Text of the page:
Fig. 3
figure3

The patellar tilt angle (PTA) is the angle between the extension line of the maximum transverse diameter of the patella (line 6) and the tangent to the posterior condyles (line 7)

Fig. 4
figure4

The medial–lateral width (MLW) is the length between the medial (a) and lateral edge (b) of the epicondyle

Fig. 5
figure5

The patellar width (PW) is the length between the medial (A) and lateral edge (B) of the patella. The patellar thickness (PT) is the length between the patellar front polar (C) and back polar (D). The modified Wiberg index is defined as the ratio of the transverse length of the lateral patellar facet (AE) to the medial patellar facet (BE)

Fig. 6
figure6

The Wiberg angle is the angle formed by the medial and the lateral patellar facet tangent

Fig. 7
figure7

The lateral patellar facet angle is the angle formed by the patellar transverse axis and the lateral patellar facet tangent

The mean follow-up was 78.6 months (range 62–106 months), and all assessments were performed preoperatively and at the last follow-up after surgery. The apprehension test was used to evaluate patellar stability, and the Kujala score was administered to evaluate knee function. The Crosby and Insall grading system was used to assess the results of the treatment, which were classified into four categories (excellent, good, fair, and poor). Finally, further episodes of patellar instability were recorded.

Statistical analysis

Statistical analysis was performed using SPSS software (version 22.0; SPSS, IL, USA). Descriptive statistics were used to evaluate the distribution of continuous data. The normality of numerical data was assessed by the Kolmogorov–Smirnov test, and the homogeneity of the data was assessed by Levene’s test. After establishing data normality, student's paired t-test was used to evaluate the differences between the two groups. P < 0.05 were defined as the threshold for statistical significance.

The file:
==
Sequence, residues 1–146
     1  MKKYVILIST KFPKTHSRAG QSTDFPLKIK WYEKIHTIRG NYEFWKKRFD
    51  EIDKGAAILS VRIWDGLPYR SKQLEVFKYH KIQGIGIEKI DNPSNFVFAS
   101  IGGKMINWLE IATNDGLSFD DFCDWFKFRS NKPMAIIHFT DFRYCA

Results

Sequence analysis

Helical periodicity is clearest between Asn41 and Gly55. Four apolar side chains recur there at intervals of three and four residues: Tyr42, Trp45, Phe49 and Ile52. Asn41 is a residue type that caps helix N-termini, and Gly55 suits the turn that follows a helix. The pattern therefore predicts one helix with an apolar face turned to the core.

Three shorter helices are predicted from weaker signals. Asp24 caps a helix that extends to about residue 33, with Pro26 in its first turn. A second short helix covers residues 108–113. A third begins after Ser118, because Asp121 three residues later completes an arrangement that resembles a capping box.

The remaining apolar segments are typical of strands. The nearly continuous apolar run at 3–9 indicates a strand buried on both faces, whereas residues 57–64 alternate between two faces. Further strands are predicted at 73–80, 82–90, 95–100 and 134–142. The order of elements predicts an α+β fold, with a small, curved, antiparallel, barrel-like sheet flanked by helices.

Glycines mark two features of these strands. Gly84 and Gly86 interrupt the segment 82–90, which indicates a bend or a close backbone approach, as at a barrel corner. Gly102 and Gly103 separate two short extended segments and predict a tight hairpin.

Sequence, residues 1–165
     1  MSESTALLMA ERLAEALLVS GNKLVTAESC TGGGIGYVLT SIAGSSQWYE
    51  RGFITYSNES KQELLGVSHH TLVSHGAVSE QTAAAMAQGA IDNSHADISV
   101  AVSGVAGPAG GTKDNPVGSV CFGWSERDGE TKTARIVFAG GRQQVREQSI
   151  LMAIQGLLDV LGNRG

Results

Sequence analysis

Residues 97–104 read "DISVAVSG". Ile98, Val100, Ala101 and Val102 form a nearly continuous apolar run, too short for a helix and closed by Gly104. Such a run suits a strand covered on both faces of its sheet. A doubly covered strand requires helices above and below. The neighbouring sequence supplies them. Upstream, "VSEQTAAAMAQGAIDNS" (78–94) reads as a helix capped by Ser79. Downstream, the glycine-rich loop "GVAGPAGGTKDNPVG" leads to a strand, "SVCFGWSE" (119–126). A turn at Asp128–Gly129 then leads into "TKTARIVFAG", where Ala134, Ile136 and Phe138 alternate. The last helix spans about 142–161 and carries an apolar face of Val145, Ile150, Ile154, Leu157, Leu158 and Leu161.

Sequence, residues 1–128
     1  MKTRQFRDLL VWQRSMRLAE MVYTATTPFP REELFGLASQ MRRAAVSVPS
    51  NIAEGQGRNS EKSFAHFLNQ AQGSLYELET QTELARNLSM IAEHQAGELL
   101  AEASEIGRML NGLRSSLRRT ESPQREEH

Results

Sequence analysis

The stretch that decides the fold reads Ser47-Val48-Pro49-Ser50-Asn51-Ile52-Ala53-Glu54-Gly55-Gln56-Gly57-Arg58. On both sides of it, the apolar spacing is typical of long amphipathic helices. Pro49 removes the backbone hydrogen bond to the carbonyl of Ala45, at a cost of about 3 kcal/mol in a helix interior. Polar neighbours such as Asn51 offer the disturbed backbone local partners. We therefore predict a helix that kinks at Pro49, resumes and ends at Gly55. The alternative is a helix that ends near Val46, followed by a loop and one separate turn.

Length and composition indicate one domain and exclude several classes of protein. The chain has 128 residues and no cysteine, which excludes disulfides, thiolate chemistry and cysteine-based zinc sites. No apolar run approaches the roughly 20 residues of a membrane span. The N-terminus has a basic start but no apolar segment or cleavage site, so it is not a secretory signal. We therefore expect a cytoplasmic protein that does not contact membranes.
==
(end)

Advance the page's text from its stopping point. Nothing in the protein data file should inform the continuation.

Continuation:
Results

The inter-and intra-observer correlation coefficients were high between measurements (Table 2).

Table 2 Intra-observer and inter-observer agreement of geometric measurements with 95% confidence intervals

Evaluation indexes of alignment of the patello-femoral joint and knee function

Preoperatively, the data regarding alignment of the patello-femoral joint were not significantly different between the two groups (tibial tuberosity–trochlear groove distance (TT–TG), P = 0.543; congruence angle, P = 0.586; patellar tilt angle, P = 0.763; Kujala score, P = 0.554) (Table 3). At the last follow-up, the TT–TG showed significant difference (SG, 11.63 mm; CG, 15.26 mm; P < 0.001) between both groups. The congruence angle showed highly significant differences between the groups (SG, 9.55°; CG, 23.26°; P < 0.001). Significant differences were seen in well-known measurements such as patellar tilt angle (SG, 8.20°; CG, 14.86°; P < 0.001). Greater significances were found in the Kujala score: 89.60 in the SG versus 68.65 in the CG (P < 0.001) (Table 4). In addition, 20 patients in CG were diagnosed as recurrent patellar dislocation. However, for the apprehension test, there were 4 patients experiencing the patellar lateral shift that exceeded 1.5 cm in SG, suggesting significant difference between both groups. The Crosby and Insall grading system revealed 19 (54%) excellent results in SG Versus 0 (0%) in CG, and 0 (0%) patients in SG and 12 (34%) patients in CG reported ‘poor’ results. For all patients, knee function scores improved significantly after surgery.

Table 3 Preoperative evaluation of alignment of the patello-femoral joint and knee function
Table 4 Follow-up results of alignment of the patello-femoral joint and knee function

Evaluation indexes of patellar morphology

Preoperatively, the data regarding morphological characteristics of the patella were not significantly different between the two groups (relative patellar width, P = 0.184; relative patellar thickness, P = 0.738; Wiberg angle, P = 0.874; modified Wiberg index, P = 0.076; lateral patellar facet angle, P = 0.385) (Table 5). At the last follow-up, the relative patellar width showed no significant difference (SG, 54.61%; CG, 52.87%; P = 0.086) between both groups. The relative thickness was not significantly different between the groups (26.07% in the SG vs. 25.02% in the CG) (P = 0.243). In contrast, the mean Wiberg angle showed highly significant differences between the groups (SG, 136.25°; CG, 122.65°; P < 0.001). Significant differences were seen in well-known measurements such as modified Wiberg index (SG, 1.23; CG, 2.65; P < 0.001). The mean lateral patellar facet angle showed the greater difference: 23.35° in the SG versus 15.26° in the CG (P < 0.001) (Table 6).